Robert Burns songs

25 January is Burns Night, when many people both in Scotland and further afield celebrate the life of the poet and songwriter Robert Burns (1759 – 1796). It’s traditional to recite Burns’ poem Address to a Haggis, to eat haggis, to drink a succession of toasts, and to sing Auld Lang Syne. For those of you who don’t know what all the fuss is about, this post is a brief introduction to Robert Burns, and to the choral versions of his songs that Canasg publishes.

Burns is a very important figure in Scottish song. Many of the songs we think of as ‘traditional Scottish’ were written, or adapted from existing folk songs, by Robert Burns. For example, many individual phrases from the lyrics of My Love is Like a Red, Red Rose and Auld Lang Syne can be found in earlier traditional songs – but it’s Burns who crafted the versions that we know today.  

Burns had an interest in writing poetry from a young age, and his first major success was in fact as a poet, when his Poems, Chiefly in the Scottish Dialect was published in 1786. The acclaim he received for this book encouraged him to make a trip to Edinburgh (from rural southwest Scotland, where he had grown up in a poor but educated farming family). In Edinburgh he met James Johnson, one of several publishers who were dedicated to publishing collections of Scottish tunes and songs.

Burns became deeply involved in the enterprise of collecting – and also of creating – Scottish songs. He wrote new lyrics for old tunes, adapted old lyrics, tweaked and arranged old tunes, and made new pairings of tunes and words. Of the six hundred songs published by Johnson in six volumes of the Scots Musical Museum, two hundred were by Burns. He also collaborated with George Thomson, publisher of the five volumes of A Select Collection of Original Scottish Airs for the Voice, though his relationship with Thomson was more prickly.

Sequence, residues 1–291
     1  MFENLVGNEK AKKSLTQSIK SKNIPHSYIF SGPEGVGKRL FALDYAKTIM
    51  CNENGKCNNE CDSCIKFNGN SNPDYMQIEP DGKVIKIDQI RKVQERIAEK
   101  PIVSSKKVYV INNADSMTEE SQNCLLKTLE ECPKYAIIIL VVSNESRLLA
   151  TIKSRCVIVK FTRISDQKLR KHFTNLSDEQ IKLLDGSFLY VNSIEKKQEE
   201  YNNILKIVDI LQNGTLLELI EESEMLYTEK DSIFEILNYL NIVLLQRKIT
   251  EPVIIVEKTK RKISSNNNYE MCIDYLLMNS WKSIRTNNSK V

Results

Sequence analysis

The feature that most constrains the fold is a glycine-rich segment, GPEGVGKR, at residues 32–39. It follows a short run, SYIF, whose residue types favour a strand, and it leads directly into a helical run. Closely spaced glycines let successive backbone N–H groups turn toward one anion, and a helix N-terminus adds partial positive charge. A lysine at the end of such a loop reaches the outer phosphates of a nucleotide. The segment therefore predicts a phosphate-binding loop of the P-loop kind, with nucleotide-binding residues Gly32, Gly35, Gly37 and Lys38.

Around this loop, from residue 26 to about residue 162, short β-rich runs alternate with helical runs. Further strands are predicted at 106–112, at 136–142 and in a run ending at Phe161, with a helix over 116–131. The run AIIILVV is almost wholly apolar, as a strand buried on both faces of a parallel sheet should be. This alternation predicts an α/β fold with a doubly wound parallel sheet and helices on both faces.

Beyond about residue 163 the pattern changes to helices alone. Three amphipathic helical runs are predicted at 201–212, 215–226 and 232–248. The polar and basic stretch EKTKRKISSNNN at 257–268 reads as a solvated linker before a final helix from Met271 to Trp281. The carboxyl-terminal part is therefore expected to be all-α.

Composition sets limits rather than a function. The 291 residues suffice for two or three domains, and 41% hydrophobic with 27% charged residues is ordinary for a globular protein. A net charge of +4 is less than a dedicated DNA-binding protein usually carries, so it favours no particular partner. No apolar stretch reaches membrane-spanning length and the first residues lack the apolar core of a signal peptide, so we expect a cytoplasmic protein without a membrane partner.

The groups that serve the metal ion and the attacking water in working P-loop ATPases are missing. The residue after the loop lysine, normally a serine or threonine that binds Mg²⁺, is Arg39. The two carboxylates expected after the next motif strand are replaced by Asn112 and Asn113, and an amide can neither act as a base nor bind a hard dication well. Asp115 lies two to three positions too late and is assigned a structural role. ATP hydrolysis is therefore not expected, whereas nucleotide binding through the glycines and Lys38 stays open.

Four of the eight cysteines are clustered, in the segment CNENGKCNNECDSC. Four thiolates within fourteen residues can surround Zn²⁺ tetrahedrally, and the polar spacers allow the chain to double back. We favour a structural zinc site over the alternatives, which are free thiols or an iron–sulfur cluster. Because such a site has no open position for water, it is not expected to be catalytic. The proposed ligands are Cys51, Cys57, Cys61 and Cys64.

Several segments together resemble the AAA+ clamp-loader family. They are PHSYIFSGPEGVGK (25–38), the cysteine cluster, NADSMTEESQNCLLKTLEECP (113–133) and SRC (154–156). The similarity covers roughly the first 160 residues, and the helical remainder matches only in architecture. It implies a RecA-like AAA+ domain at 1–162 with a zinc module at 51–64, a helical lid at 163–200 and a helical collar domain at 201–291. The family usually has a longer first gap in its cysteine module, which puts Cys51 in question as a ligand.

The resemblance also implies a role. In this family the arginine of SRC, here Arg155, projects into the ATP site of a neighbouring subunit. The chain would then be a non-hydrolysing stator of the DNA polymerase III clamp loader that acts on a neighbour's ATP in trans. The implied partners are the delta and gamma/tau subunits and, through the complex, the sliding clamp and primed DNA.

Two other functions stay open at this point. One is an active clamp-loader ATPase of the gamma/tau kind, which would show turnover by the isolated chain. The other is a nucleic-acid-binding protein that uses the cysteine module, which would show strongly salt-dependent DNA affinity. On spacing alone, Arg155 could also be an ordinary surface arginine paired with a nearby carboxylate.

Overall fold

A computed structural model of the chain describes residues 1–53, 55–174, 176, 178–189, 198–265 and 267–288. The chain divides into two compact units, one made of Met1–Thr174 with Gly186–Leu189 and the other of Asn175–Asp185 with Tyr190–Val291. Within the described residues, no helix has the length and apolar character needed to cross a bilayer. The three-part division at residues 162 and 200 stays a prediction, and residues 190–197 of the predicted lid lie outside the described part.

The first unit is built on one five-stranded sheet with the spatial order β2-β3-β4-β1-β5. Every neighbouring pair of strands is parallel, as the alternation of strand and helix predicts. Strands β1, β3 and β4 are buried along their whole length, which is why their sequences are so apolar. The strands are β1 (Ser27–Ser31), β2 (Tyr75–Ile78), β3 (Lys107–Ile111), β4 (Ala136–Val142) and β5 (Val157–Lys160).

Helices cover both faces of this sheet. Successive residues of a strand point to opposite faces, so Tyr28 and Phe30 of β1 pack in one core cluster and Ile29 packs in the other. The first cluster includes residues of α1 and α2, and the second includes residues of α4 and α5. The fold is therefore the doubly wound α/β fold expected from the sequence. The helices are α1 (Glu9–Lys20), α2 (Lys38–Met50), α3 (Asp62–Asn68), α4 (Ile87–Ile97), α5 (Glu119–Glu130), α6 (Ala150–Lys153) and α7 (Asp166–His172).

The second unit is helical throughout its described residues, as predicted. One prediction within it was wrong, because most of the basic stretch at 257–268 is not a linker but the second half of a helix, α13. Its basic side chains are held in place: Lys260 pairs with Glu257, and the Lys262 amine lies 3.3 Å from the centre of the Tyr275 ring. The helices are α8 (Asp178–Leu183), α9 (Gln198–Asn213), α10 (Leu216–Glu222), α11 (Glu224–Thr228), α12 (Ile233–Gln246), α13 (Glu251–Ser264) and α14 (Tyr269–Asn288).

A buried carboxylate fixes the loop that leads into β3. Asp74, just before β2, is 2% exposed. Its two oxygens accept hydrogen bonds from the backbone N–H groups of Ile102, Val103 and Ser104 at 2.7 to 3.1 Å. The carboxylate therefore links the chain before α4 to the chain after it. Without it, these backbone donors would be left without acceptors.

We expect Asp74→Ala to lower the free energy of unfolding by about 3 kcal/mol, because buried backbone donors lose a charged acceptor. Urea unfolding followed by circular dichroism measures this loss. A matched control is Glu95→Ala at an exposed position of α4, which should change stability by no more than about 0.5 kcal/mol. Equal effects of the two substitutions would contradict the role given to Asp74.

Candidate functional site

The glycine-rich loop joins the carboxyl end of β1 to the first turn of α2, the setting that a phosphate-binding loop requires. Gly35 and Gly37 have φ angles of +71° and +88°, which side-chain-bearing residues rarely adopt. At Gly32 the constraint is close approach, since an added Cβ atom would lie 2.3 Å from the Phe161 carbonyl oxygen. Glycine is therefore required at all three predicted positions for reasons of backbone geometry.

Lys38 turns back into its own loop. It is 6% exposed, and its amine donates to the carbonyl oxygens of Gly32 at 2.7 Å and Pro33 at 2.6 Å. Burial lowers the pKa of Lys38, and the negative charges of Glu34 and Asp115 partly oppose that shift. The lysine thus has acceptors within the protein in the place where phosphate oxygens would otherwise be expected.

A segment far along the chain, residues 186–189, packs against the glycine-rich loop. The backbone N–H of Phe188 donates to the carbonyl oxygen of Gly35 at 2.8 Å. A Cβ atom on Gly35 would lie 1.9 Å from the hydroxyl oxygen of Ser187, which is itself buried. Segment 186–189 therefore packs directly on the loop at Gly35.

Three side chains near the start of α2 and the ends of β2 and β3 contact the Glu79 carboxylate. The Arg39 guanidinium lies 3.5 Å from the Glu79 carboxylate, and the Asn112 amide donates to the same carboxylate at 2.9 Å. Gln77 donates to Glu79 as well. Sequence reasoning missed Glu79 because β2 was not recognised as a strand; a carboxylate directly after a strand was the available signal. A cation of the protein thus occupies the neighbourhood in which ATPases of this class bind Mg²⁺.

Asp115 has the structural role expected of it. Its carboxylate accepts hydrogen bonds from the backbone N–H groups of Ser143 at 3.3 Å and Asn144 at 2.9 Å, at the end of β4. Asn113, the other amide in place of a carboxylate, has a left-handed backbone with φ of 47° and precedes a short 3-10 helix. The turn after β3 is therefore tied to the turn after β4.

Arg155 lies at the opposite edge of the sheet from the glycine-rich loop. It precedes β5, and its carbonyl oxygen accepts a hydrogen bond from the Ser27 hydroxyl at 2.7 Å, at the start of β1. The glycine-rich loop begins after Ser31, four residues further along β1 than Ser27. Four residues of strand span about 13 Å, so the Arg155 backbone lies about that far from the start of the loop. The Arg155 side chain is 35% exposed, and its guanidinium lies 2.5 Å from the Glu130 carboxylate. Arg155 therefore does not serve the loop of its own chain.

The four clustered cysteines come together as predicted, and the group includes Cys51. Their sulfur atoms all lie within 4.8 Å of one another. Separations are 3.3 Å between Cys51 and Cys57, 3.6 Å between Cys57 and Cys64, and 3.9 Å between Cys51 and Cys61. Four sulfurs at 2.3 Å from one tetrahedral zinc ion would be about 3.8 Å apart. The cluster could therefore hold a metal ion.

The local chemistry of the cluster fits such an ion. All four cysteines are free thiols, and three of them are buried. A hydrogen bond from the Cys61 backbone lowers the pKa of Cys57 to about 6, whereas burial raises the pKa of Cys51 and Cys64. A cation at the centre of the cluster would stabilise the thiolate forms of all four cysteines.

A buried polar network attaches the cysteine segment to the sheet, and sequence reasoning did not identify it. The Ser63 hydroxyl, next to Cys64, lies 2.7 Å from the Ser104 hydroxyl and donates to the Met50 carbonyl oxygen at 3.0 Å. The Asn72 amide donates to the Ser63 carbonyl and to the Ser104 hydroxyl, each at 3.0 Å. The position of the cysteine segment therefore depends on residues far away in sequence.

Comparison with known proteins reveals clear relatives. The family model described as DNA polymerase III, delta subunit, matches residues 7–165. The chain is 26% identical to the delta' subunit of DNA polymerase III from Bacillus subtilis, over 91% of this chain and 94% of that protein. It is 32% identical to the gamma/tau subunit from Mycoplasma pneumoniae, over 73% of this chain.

frontispiece of The Scots Musical Museum, volume 1
Frontispiece of The Scots Musical Museum, volume 1

Many of the songs continued to morph after their original publication. For example, the tune to which A Red, Red Rose is most commonly sung today (Low Down in the Broom) wasn’t paired with Burns’ lyrics until 1821. When the song was published in 1797, in volume 5 of The Scots Musical Museum, it used a different, though similar, tune called Major Graham. You’ll also find variants of the tune for Auld Lang Syne, though in this case the version published by Johnson used the same tune as we sing today.

Canasg publishes over 20 choral arrangements of songs by Robert Burns. I hope you will enjoy exploring them:

A Man’s a Man for A’ That (SAB) – Burns’ classic text (1795) about the worth of the poor man, arr. Frances Cockburn
Ae Fond Kiss (SATB) – a beautiful love song based on a real parting, arr. Frances Cockburn
Ae Fond Kiss (SSAA) – arr. Frances Cockburn
Auld Lang Syne (SATB) – the anthem of Hogmanay (New Year) and Burns Night, and a tribute to friendship, arr. Sheena Phillips
Ay Waukin, O (SATB) – a love song, arr. Sheena Phillips
Behold My Love, How Green the Groves (SSA, piano) – a paean to country life, arr. Brad Pierson
Cauld Blaws the Wind (SATB) – a little song about winter. Also known as Up in the Morning Early. Music by Sheena Phillips
Five Scottish Songs (SATB, piano) – a set of five concert arrangements by Canadian composer Alasdair MacLean. The songs (listed below) may be purchased individually:

Go On, Sweet Bird (SATB) – a song about the comfort of birdsong. Music by Michael Buck
Green Grow the Rushes, O (SATB) – a song in praise of the lasses, arr. Jonathan Crehan
Lassie, Lie Near Me (TTBB) – another extolling the lasses, arr. Peter Hill
Let Me In This Ae Night (SSA) – pleading finds its satisfaction. Music by Frances Cockburn
Let Me In This Ae Night (TTB) – music by Frances Cockburn
My Love Is Like A Red, Red, Rose (SATB) – Burns’ beautiful love song, arr. Michael Buck
The Deil’s Awa’ wi the Exciseman (SATB) – a lively takedown of tax collectors, arr. Brad Pierson
The Winter It Is Past (SATB) – through-composed setting of Burns’ poem, by Sheena Phillips
Ye Banks and Braes o’ Bonnie Doon (SATB, soprano recorder) – love song, arr. Sheena Phillips

Note: the picture in the header is from the portrait of Burns by Alexander Nasmyth, 1787, which lives in the Scottish National Portrait Gallery.

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